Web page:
The Student Room Group

Covalent character explanation

Hi,

Could someone please explain covalent character to me, specifically why it causes an increase in bond strength? I understand that generally ionic bonds are stronger than covalent, so why does covalent character increase bond strength? Also, how does how polar a covalent bond is affect strength? Thanks.
Reply 1
Original post by Har6547
Could someone please explain covalent character to me, specifically why it causes an increase in bond strength? I understand that generally ionic bonds are stronger than covalent, so why does covalent character increase bond strength? Also, how does how polar a covalent bond is affect strength? Thanks.

covalent bonds involve the sharing of a pair of electrons between 2 atoms, where both atoms have an electrostatic attraction for the shared pair of electrons. The main factor affecting strength of covalent bonds is the electronegativity of each of the covalently bonded atoms. Electronegativity is the ability to pull a shared pair of electrons towards itself (This is dependent on factors such as nuclear charge, shielding & atomic radii). Where 1 atom of the bond has a greater electronegativity, it'll pull the shared pair of electrons towards itself (electrons still remain shared between the 2 but are just now closer to the electronegative atom). This is referred to as a polar bond. The greater the difference in electronegativity, the greater the polarity of the covalent bond, the greater the covalent bond strength
Reply 2
Original post by samiul.tr
covalent bonds involve the sharing of a pair of electrons between 2 atoms, where both atoms have an electrostatic attraction for the shared pair of electrons. The main factor affecting strength of covalent bonds is the electronegativity of each of the covalently bonded atoms. Electronegativity is the ability to pull a shared pair of electrons towards itself (This is dependent on factors such as nuclear charge, shielding & atomic radii). Where 1 atom of the bond has a greater electronegativity, it'll pull the shared pair of electrons towards itself (electrons still remain shared between the 2 but are just now closer to the electronegative atom). This is referred to as a polar bond. The greater the difference in electronegativity, the greater the polarity of the covalent bond, the greater the covalent bond strength


Ok thank you. What about covalent character in ionic bonds, why does that increase bond strength?
Original post by Har6547
Hi,

Could someone please explain covalent character to me, specifically why it causes an increase in bond strength? I understand that generally ionic bonds are stronger than covalent, so why does covalent character increase bond strength? Also, how does how polar a covalent bond is affect strength? Thanks.


Bold part: Covalent character means that the ions within an ionic compound are distorted, causing the ions to end up in a closer proximity to one another in the lattice than would be expected with the perfect ionic model. The fact this brings the ions closer means greater attraction between the ions, so more energy is needed to separate them, indicating greater bond strength.

Italic part: Not true. Covalent bonds tend to be stronger as there is overlap between the participating atoms, meaning the electrostatic attraction between the nuclei and participating electrons is very strong. Try adding water to most covalent compounds under ambient conditions and you can generally expect little to no bond breakage. Try adding water to your typical ionic compound and it should dissolve, indicating that the bonds have been broken (albeit only temporarily).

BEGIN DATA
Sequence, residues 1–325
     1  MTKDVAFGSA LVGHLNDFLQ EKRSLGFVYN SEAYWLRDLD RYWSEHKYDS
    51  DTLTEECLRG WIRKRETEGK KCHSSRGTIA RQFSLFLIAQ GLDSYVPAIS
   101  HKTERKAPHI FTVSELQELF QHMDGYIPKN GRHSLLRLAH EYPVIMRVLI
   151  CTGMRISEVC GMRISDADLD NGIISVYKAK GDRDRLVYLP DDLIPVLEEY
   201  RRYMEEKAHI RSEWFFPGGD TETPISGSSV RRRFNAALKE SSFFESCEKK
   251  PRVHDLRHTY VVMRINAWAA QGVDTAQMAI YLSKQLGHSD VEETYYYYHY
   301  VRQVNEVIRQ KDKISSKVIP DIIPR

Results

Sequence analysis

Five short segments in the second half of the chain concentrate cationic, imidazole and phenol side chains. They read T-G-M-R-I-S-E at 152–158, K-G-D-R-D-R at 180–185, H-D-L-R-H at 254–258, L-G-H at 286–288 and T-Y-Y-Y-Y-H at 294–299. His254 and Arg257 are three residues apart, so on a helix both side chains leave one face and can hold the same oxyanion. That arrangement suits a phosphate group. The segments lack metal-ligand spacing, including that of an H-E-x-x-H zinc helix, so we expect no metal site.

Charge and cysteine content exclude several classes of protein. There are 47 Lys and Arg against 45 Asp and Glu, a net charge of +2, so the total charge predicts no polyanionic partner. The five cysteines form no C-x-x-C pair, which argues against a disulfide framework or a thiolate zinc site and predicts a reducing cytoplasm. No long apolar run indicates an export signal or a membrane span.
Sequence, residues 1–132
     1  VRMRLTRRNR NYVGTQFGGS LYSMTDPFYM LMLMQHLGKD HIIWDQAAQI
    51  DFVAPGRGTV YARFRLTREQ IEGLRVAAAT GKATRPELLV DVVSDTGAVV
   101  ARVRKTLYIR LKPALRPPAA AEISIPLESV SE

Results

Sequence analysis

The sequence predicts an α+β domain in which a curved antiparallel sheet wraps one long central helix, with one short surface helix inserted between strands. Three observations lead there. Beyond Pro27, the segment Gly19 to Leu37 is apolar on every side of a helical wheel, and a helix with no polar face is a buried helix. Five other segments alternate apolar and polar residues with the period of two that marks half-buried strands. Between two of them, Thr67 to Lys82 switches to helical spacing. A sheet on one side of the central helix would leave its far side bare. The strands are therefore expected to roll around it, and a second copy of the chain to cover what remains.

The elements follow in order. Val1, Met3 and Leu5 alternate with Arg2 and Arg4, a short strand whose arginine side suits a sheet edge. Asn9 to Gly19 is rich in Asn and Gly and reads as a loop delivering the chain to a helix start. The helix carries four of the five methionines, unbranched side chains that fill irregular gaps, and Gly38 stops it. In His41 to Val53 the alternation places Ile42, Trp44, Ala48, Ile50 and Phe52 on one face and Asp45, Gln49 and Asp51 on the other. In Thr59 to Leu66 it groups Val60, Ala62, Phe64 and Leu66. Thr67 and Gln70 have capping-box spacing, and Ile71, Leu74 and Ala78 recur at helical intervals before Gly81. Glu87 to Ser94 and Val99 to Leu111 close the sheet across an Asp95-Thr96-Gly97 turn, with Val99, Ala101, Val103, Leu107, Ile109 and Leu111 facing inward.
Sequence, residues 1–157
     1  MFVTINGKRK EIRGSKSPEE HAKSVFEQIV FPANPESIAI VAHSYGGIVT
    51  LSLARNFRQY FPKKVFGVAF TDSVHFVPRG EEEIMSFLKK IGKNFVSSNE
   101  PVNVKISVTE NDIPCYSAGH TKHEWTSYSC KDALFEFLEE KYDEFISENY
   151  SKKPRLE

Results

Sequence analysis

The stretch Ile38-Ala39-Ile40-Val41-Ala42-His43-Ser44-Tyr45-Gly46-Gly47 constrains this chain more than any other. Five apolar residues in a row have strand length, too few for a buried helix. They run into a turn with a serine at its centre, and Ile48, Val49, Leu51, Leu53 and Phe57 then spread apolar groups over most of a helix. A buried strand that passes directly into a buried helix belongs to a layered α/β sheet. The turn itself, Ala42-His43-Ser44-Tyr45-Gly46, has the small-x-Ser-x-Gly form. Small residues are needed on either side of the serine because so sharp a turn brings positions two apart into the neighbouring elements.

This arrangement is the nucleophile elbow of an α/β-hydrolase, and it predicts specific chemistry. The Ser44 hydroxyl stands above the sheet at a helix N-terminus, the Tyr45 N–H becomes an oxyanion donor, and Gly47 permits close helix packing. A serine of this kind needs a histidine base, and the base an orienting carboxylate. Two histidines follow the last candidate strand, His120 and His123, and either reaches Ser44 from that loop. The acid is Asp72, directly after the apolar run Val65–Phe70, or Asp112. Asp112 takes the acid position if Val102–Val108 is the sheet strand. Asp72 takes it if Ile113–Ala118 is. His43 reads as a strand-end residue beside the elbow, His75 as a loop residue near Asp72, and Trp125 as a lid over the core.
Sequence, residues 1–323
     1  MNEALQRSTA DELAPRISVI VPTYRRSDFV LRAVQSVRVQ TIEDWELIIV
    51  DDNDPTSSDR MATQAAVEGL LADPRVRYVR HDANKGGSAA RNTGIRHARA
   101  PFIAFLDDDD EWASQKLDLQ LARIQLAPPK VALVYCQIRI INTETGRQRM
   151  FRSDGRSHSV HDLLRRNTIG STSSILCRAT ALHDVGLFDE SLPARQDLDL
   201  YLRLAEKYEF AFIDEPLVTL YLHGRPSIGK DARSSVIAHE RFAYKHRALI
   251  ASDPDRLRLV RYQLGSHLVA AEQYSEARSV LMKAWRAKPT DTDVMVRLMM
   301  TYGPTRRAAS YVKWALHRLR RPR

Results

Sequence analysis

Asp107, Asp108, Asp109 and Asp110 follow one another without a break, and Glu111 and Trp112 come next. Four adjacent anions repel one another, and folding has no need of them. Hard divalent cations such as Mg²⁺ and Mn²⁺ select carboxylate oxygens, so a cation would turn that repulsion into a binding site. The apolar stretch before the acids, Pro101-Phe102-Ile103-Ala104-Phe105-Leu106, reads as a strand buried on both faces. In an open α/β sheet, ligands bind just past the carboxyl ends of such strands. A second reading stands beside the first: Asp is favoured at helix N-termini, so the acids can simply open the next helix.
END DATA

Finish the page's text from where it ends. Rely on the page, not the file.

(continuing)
Underlined part: Polarity leads to partial positive and negative charges, so naturally you get stronger electrostatic attraction. This means a stronger bond overall. The more polar the bond, the stronger (in theory) it should be.
Reply 4
Original post by TypicalNerd
Bold part: Covalent character means that the ions within an ionic compound are distorted, causing the ions to end up in a closer proximity to one another in the lattice than would be expected with the perfect ionic model. The fact this brings the ions closer means greater attraction between the ions, so more energy is needed to separate them, indicating greater bond strength.

Italic part: Not true. Covalent bonds tend to be stronger as there is overlap between the participating atoms, meaning the electrostatic attraction between the nuclei and participating electrons is very strong. Try adding water to most covalent compounds under ambient conditions and you can generally expect little to no bond breakage. Try adding water to your typical ionic compound and it should dissolve, indicating that the bonds have been broken (albeit only temporarily).

Underlined part: Polarity leads to partial positive and negative charges, so naturally you get stronger electrostatic attraction. This means a stronger bond overall. The more polar the bond, the stronger (in theory) it should be.


Ok thank you, this has been very helpful :smile:
Original post by Har6547
Ok thank you, this has been very helpful :smile:


Remember you aren’t actually expected to know these explanations at A level, so don’t quote them in an exam. But I am glad to hear it had been helpful.
Reply 6
Original post by har6547
ok thank you. What about covalent character in ionic bonds, why does that increase bond strength?


ionic bonds may exhibit covalency:
Experiemental value of the lattice
enthalpy of ionic bonds may be higher
than expected (theoretical) due to the
ionic compound exhibiting covalency due
to the small size of the cation & the large size of the anion. This allows the small
cation to have a strong enough electro
-negativity to draw the anion’s electron cloud towards itself

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